Indiana Governor Extends Emergency Needle Exchange Program. Gov. Mike Pence (R) Monday extended an emergency needle exchange program in Scott County for another 30 days in a bid to get a handle on an injection drug-related HIV outbreak there. The move comes as the legislature heard testimony supporting a bill that would allow similar exchanges elsewhere in the state.

Law Enforcement

DEA Administrator Michele Leonhart Set to Resign. DEA Administrator Michele Leonhart is expected to resign soon, a unnamed "senior administration official" told CBS News this morning. The embattled DEA head has been under fire for years over her leadership of the scandal-ridden agency, but it was her performance at a Capitol Hill hearing last week that sealed her fate. Click on the link to read our feature story on this.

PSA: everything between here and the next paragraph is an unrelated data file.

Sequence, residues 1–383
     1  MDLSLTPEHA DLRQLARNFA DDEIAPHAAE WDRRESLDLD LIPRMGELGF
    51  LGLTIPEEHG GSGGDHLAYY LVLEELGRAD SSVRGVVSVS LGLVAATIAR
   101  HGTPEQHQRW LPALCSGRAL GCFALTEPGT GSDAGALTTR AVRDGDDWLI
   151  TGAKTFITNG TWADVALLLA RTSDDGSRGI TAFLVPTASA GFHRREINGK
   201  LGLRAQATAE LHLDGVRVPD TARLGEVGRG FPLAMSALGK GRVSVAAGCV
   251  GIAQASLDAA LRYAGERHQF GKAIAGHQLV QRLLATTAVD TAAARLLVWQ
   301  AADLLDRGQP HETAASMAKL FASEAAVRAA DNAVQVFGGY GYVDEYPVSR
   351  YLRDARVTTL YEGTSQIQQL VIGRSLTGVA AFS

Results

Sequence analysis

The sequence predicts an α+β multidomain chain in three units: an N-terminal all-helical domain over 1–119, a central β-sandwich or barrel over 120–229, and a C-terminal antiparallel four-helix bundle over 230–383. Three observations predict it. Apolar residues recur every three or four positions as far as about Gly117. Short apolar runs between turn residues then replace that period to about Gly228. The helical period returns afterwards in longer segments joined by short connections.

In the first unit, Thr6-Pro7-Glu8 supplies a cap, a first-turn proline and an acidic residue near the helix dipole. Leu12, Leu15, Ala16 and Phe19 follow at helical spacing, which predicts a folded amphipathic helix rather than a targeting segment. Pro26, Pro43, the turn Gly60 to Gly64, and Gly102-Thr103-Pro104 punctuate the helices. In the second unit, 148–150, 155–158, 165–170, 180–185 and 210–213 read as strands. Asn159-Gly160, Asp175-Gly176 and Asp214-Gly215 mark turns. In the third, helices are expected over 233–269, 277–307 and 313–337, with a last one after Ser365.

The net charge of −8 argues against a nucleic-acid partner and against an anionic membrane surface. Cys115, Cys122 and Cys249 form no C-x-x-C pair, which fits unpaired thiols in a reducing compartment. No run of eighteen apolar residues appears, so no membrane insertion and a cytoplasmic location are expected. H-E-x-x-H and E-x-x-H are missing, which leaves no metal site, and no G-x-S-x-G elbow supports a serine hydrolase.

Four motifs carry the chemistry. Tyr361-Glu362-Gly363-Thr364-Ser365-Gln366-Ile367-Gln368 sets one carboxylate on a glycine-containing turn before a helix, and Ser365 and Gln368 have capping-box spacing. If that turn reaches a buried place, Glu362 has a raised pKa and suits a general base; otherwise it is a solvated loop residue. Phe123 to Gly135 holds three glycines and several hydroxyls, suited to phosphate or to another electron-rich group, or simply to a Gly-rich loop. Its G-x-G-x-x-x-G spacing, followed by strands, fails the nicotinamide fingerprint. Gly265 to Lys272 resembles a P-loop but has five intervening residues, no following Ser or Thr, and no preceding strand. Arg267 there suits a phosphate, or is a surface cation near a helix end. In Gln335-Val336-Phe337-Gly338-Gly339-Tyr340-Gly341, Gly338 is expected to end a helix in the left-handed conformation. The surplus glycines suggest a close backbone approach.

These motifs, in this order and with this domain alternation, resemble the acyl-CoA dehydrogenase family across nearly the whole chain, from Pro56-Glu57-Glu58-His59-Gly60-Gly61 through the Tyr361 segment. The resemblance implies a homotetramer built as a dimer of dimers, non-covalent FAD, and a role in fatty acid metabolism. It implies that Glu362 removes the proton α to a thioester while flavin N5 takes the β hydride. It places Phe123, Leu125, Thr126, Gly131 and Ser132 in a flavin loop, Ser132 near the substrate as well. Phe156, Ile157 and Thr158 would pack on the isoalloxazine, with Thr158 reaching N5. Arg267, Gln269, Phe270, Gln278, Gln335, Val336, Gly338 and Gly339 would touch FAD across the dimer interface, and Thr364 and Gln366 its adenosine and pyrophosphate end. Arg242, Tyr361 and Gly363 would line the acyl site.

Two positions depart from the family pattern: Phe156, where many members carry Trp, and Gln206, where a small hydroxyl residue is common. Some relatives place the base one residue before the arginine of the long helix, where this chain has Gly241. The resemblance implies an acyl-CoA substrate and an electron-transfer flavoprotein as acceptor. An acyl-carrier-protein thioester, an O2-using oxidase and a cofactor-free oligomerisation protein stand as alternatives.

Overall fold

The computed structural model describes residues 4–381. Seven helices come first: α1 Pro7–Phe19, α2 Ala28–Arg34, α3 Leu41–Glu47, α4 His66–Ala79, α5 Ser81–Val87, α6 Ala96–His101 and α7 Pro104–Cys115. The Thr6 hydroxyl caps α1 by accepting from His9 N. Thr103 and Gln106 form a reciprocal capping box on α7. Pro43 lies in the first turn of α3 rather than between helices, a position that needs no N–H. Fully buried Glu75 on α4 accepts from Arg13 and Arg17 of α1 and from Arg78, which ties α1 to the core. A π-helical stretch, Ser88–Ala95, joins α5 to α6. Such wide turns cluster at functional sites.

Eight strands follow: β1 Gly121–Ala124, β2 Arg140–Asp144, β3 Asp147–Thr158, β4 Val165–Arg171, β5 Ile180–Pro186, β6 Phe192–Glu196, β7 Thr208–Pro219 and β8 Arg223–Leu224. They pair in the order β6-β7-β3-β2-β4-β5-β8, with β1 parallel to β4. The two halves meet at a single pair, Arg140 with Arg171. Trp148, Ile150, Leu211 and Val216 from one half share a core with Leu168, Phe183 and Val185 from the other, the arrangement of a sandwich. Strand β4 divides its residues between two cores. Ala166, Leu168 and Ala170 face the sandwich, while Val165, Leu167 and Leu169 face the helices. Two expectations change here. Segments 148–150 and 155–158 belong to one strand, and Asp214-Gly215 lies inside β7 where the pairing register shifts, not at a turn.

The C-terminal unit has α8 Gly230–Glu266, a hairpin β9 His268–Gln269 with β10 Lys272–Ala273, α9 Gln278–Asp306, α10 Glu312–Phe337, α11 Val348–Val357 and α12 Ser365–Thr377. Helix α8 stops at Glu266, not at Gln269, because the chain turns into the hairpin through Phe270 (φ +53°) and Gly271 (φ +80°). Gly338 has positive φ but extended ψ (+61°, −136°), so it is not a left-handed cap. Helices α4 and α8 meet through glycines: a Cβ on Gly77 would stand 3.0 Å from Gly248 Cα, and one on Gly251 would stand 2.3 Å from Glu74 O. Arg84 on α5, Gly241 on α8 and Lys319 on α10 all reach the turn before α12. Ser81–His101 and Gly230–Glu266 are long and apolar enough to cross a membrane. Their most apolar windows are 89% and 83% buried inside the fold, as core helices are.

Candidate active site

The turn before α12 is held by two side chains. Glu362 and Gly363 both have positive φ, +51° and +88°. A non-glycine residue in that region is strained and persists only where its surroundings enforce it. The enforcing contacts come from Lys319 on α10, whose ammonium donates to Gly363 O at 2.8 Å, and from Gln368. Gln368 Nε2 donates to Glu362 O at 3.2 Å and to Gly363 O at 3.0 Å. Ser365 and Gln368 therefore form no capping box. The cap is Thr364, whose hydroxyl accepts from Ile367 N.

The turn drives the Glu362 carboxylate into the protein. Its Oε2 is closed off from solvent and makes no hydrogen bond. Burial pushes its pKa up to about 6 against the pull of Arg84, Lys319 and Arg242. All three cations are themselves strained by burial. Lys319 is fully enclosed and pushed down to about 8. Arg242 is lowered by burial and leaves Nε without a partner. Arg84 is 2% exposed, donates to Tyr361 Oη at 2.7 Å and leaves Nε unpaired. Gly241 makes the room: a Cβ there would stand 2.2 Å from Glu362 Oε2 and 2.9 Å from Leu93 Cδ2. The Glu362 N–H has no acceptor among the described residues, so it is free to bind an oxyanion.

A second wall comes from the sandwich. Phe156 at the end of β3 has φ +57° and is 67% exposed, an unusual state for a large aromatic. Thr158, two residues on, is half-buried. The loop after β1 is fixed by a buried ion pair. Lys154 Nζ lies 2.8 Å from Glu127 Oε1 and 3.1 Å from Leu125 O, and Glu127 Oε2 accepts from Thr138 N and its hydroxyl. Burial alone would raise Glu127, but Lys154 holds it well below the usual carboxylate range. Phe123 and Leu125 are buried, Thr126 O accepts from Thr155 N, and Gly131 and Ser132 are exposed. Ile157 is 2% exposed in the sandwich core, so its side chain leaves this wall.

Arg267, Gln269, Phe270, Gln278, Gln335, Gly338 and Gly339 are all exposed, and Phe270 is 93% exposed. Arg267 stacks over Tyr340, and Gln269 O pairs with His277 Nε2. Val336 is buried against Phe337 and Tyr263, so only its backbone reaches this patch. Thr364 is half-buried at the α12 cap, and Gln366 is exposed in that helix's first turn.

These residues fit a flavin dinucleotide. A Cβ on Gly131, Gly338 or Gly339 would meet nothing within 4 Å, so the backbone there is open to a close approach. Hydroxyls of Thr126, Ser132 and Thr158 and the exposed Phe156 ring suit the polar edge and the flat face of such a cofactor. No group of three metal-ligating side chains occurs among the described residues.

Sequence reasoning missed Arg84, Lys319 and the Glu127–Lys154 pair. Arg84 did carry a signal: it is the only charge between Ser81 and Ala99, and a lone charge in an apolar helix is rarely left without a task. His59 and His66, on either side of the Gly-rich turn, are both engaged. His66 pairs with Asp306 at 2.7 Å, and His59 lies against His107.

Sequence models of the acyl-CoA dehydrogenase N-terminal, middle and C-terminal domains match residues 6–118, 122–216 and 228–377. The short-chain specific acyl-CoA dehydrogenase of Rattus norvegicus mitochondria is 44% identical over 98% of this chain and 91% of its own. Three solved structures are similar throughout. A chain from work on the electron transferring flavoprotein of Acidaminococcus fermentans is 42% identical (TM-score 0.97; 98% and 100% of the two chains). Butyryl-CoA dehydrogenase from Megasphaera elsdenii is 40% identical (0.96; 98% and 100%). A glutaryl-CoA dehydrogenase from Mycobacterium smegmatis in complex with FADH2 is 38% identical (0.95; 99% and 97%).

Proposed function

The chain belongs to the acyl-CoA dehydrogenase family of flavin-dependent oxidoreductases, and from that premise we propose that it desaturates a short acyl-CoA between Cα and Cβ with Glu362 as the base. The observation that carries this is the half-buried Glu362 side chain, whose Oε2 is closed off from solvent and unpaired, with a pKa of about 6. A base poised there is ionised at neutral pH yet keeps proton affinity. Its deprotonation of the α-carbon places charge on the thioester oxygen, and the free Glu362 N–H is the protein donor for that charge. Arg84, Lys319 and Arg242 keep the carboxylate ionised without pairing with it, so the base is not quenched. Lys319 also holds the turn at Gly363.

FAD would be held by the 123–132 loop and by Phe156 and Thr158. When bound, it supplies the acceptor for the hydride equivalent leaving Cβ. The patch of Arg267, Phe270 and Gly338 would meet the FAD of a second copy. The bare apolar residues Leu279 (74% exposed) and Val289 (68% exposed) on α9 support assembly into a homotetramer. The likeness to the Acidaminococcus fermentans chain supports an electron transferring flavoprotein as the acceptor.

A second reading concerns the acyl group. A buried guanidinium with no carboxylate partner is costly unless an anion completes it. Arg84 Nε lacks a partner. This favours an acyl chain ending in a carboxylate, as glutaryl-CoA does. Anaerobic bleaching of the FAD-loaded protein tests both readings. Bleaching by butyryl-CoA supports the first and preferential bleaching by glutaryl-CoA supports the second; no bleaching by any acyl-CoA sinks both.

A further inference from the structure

Supreme Court Says Detaining Motorists to Wait for Drug Dogs to Arrive is Not OK. In a 6-3 decision today, the US Supreme Court held that detaining motorists on the side of the highway to await the arrival of a drug dog violates the Fourth Amendment's proscription against unlawful searches and seizures. Writing for the majority, Justice Ruth Bader Ginsburg noted that police may request drivers licenses, vehicle registrations, proof of insurance, and check for outstanding warrants because all those investigatory actions are aimed at enforcing traffic laws and ensuring that vehicles are operating safely—the ostensible reason for the stops. "A dog sniff, unlike those stock inquiries, lacks the same tie to roadway safety," she said. Prolonging the stop, even for a few minutes, to allow for the arrival of a drug dog was improper, Ginsburg wrote. "A traffic stop becomes unlawful if prolonged beyond the time in fact needed to complete all traffic-based inquiries," Ginsburg said. Click on the link to read our newsbrief and view the ruling itself.

International